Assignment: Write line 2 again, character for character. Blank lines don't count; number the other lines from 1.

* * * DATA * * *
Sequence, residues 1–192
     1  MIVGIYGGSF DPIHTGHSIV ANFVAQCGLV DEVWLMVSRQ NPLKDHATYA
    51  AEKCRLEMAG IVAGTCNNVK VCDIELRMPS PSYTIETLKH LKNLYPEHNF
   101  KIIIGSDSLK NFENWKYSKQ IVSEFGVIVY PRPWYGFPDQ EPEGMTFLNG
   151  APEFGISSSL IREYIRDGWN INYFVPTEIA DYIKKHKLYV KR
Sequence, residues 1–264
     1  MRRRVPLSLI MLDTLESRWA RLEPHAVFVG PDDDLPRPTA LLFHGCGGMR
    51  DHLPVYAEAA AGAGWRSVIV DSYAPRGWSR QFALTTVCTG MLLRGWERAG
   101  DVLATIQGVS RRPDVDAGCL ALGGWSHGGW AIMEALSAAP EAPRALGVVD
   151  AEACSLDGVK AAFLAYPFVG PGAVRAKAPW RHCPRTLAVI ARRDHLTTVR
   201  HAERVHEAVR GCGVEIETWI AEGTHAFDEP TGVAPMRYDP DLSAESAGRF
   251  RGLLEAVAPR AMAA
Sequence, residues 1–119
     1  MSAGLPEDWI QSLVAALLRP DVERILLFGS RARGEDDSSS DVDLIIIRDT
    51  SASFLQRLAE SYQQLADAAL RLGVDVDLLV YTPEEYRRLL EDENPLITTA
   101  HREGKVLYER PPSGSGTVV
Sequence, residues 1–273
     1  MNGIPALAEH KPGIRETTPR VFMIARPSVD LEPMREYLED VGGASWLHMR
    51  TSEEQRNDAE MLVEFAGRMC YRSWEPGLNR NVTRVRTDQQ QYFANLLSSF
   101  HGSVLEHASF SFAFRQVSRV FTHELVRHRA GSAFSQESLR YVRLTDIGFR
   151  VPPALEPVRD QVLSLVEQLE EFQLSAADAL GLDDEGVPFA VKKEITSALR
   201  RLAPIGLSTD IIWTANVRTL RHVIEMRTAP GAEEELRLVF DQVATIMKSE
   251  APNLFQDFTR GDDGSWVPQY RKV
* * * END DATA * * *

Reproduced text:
     1  MIVGIYGGSF DPIHTGHSIV ANFVAQCGLV DEVWLMVSRQ NPLKDHATYA